General aviation groups today hailed the passage of a bonus depreciation bill that will allow for accelerated depreciation of business aircraft. The Senate passed its version shortly after legislators returned from their summer recess last week. The House of Representatives already passed similar legislation in June, but had to vote on the Senate version since it contained minor differences.
NBAA said the Senate approved legislation on Friday that includes accelerated depreciation for “strategic business purchases this year,” which includes business aircraft. “NBAA applauds the Senate action, and urges the House to approve the Senate-passed version this month to allow companies to take advantage of this accelerated, or ‘bonus,’ depreciation before the end of the year,” said NBAA president and CEO Ed Bolen.
Although support for accelerated depreciation for major equipment purchases is growing, Congress left for its summer recess without making it so. Last month, NBAA senior vice president for government affairs Lisa Piccione told the Greater Washington Business Aviation Association (GWBAA) that NBAA has joined 80 other business organizations in pushing to see accelerated depre ciation renewed in pending legislation in the Senate.
Business jet and turboprop delivery totals declined for the seventh straight quarter, but industry billings rose a modest 0.2 percent in the first six months of this year, according to statistics released yesterday by the General Aviation Manufacturers Association (GAMA). In the first half of this year, deliveries of business jets decreased 14.3 percent, with 355 aircraft shipped versus 414 in the same period last year.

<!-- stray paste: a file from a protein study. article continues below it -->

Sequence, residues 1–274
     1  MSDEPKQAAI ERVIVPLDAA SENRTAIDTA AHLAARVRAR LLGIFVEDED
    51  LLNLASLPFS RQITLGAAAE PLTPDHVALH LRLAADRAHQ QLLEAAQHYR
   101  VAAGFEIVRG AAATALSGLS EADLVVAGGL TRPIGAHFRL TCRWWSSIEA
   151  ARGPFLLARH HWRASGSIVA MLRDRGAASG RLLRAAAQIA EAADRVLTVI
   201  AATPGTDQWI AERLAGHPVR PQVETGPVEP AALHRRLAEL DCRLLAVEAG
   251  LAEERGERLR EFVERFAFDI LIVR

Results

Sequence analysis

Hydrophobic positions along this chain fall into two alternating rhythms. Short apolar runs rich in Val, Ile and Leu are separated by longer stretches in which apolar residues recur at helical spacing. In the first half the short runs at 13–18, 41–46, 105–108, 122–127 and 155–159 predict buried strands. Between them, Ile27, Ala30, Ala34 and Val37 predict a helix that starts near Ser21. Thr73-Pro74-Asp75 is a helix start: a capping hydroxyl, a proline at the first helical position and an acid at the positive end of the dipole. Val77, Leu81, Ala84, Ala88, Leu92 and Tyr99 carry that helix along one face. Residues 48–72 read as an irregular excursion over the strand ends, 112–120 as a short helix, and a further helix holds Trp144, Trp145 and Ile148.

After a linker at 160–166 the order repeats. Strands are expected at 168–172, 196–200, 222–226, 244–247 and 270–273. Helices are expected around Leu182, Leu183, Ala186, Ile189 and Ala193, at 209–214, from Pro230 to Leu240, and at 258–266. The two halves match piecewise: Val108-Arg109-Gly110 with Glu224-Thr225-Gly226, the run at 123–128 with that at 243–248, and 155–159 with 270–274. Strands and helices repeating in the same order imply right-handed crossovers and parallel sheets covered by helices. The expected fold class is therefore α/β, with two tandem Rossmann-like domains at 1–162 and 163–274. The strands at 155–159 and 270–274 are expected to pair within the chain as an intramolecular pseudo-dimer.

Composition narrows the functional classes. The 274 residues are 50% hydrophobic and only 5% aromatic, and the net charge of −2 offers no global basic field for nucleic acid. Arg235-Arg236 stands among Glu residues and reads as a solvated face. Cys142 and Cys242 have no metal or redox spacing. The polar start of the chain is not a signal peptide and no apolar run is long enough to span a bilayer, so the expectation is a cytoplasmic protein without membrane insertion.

With the rancor over business jet use now receding in Congress’s rear-view mirror, House and Senate lawmakers are jumping in line to extend accelerated depreciation for major equipment purchases– including general aviation aircraft–in 2010.
In written testimony delivered yesterday to the U.S. House Committee on Small Business, NBAA president and CEO Ed Bolen repeated the business aviation community’s support for legislative proposals to renew bonus depreciation for investments in strategic business assets, including aircraft. The committee held a hearing yesterday about extending the bonus depreciation for business investments that expired last year.
Piaggio Avanti fractional provider Avantair’s revenue increased 4 percent, to $36 million, in its fiscal third quarter (which ended March 31) compared with the year-ago period. Its earnings before interest, income taxes, depreciation and amortization also rose to $1.8 million, up from the $1.5 million reported in the same period last year.
Two congressmen have sent a letter to the House Ways and Means Committee asking the tax-writing body to extend the bonus depreciation incentive for noncommercial aircraft purchases.
Under bonus depreciation, companies and individuals were allowed to claim an additional depreciation of up to 50 percent during the first year after purchase on capital equipment used primarily for business and placed in service by the end of last year.
Fractional provider Avantair reported revenues of $35.8 million for its Fiscal Year 2010 second quarter ending December 31. It recorded operating income of $1.4 million versus an operating loss of $628,000 in the year-ago period, and earnings before interest, income taxes, depreciation and amortization stood at $2.8 million.
Fractional provider Avantair reported revenues of $35.8 million for its fiscal year 2010 second quarter, which ended December 31. It recorded operating income of $1.4 million, versus an operating loss of $628,000 in the year-ago period, and earnings before interest, income taxes, depreciation and amortization stood at $2.8 million.